Chemical peeling is a technique used to improve the appearance of the skin
which is typically performed on the face, neck or hands. In this treatment,
a chemical solution is applied to the skin that causes it to "blister" and
eventually peel off. The new, regenerated skin is usually smoother and less
wrinkled than the old skin. The new skin is also temporarily more sensitive
to the sun.
Dermatologic surgeons have used various peeling agents for the last 50 years
and are experts in performing multiple types of chemical peels. A thorough
evaluation by your dermatologic surgeon is imperative before embarking upon
a chemical peel.
WHAT CAN A CHEMICAL PEEL DO?
Chemical peeling is often used to treat fine lines under the eyes and around
the mouth. Wrinkles caused by sun damage, aging and hereditary factors can
often be reduced or even eliminated with this procedure. However, sags,
bulges, and more severe wrinkles do not respond well to peeling and may
require other kinds of cosmetic surgical procedures such as a face lift,
eye lift or
soft tissue filler.
Mild scarring and certain types of acne can also be treated with chemical
peels. In addition, pigmentation of the skin in the form of sun spots, age
spots, liver spots, freckles, splotching due to taking birth control pills,
and skin that is dull in texture and color may be improved with chemical
Chemical peeling may be combined with
soft tissue fillers to achieve cost-effective skin rejuvenation customized
to the needs of the individual patient. Areas of sun-damaged, precancerous
keratoses or scaling patches may improve after chemical peeling. Following
treatment, new lesions or patches are less likely to appear. Generally, fair
skinned and light haired patients are ideal candidates for chemical peels.
Darker skin types may also experience good results, depending upon the type
of skin problem encountered.
HOW ARE CHEMICAL PEELS PERFORMED?
Prior to surgery, instructions may include the elimination of certain drugs
and the preparation of the skin with topical pre-conditioning medications.
The patient may be advised to clean the area with an antiseptic soap the day
A chemical peel can be performed in a doctor's office or in a surgery center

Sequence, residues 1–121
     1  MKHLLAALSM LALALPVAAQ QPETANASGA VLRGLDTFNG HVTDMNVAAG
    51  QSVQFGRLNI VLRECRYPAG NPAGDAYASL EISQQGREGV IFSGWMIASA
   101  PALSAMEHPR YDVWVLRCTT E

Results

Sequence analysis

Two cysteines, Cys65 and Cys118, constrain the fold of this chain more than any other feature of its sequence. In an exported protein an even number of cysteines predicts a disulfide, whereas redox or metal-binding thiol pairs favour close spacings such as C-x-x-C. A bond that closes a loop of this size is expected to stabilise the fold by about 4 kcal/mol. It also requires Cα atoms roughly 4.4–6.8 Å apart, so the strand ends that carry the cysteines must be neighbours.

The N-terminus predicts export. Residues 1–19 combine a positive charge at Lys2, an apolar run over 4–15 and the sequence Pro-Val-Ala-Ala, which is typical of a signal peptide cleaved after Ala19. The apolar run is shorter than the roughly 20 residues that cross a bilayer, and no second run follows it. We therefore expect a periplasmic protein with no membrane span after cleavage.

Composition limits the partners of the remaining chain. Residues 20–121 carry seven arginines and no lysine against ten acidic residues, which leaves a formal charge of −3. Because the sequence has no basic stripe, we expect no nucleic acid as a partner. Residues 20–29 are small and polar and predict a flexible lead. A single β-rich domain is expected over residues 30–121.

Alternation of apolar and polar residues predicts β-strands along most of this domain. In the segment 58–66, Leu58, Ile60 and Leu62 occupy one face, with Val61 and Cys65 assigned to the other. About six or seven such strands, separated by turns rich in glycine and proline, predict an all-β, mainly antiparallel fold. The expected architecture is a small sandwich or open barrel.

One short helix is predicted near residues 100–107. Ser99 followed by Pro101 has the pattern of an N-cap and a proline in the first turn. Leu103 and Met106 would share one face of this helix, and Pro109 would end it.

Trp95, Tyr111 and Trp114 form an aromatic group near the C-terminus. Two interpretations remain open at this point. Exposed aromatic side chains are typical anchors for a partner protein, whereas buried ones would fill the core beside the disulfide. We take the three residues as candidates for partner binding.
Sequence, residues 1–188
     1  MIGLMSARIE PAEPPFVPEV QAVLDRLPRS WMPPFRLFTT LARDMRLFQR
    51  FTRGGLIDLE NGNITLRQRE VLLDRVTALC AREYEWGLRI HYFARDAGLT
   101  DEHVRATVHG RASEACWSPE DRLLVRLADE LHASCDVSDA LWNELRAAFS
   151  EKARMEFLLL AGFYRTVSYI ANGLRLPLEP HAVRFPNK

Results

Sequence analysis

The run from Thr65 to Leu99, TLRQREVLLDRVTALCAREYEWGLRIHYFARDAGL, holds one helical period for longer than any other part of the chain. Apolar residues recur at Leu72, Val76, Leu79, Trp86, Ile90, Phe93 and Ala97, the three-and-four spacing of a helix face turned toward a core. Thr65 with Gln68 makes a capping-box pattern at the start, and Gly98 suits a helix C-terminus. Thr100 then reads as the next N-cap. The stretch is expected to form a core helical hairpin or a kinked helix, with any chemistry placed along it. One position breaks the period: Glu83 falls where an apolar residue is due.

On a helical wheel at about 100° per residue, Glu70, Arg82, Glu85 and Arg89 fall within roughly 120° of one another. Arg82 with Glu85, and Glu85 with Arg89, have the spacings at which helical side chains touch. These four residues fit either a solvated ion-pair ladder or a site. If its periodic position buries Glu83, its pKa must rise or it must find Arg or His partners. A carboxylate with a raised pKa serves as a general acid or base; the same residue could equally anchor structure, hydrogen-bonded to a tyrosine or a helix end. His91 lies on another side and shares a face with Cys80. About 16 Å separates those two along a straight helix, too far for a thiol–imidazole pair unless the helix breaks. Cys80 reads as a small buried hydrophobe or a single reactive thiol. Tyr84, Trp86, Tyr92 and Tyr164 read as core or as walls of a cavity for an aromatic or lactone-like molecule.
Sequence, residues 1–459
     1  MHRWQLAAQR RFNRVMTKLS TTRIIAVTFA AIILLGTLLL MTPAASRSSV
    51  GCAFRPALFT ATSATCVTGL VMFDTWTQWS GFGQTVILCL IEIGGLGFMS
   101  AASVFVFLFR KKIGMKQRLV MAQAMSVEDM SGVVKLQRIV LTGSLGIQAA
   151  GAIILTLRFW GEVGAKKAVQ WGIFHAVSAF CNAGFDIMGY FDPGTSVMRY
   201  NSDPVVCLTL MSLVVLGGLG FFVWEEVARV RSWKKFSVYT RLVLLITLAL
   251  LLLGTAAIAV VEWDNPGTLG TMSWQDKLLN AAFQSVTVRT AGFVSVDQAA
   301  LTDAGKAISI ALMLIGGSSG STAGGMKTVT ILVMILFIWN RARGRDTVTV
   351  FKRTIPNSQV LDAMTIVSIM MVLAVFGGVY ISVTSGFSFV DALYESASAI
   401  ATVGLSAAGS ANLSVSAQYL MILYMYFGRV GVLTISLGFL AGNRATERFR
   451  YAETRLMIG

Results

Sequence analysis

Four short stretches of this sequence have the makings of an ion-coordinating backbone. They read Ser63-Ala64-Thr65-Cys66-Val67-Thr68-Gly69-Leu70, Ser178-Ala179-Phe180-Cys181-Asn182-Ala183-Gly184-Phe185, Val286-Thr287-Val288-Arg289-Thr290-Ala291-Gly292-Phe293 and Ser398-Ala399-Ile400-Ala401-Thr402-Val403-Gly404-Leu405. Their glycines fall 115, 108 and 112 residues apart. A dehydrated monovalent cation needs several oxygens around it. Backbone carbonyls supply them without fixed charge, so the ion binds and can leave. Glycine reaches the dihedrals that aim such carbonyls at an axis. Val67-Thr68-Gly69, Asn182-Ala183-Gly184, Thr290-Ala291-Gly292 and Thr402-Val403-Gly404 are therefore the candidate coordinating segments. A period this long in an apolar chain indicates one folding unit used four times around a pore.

as an out-patient procedure. At the time of treatment, the skin is
thoroughly cleansed with an agent that removes excess oils, and the eyes and
hair are protected. One or more chemical solutions - an alpha hydroxy acid,
such as glycolic acid, salicylic acid, or lactic acid; trichloroacetic acid
(TCA); or carbolic acid (phenol) - are used. Dermatologic surgeons are well
qualified to select the proper peeling agent based upon the type of skin
damage present. During a chemical peel, the physician applies the solution
to small areas on the skin. These applications produce a controlled wound,
enabling new, refreshed skin to appear. Most patients experience a warm to
somewhat hot sensation which lasts about five to ten minutes, followed by a
stinging sensation. A deeper peel may require pain medication during or
after the procedure.
WHAT SHOULD BE EXPECTED AFTER TREATMENT?
Depending upon the type of peel, a reaction similar to a sunburn occurs
following a chemical peel. Superficial peeling usually involves redness,
followed by scaling that ends within three to seven days. Medium-depth and
deep peeling may result in swelling and the presence of water blisters that
may break, crust, turn brown, and peel off over a period of seven to 14
days. Some peels may require bandages to be placed on part or all of the
skin that is treated. Bandages are usually removed in several days and may
improve the effectiveness of the treatment. It is important to avoid
overexposure to the sun after a chemical peel since the new skin is fragile
and more susceptible to complications. The dermatologic surgeon will
prescribe the proper follow-up care to reduce the tendency to develop
abnormal skin color after peeling.
FOR MORE INFORMATION AND REFERRALS
For more information on skin conditions and treatments, along with a list
of ASDS members in your state, please visit the
Find a Dermatologic Surgeon section of our Web site.
back to Fact Sheets list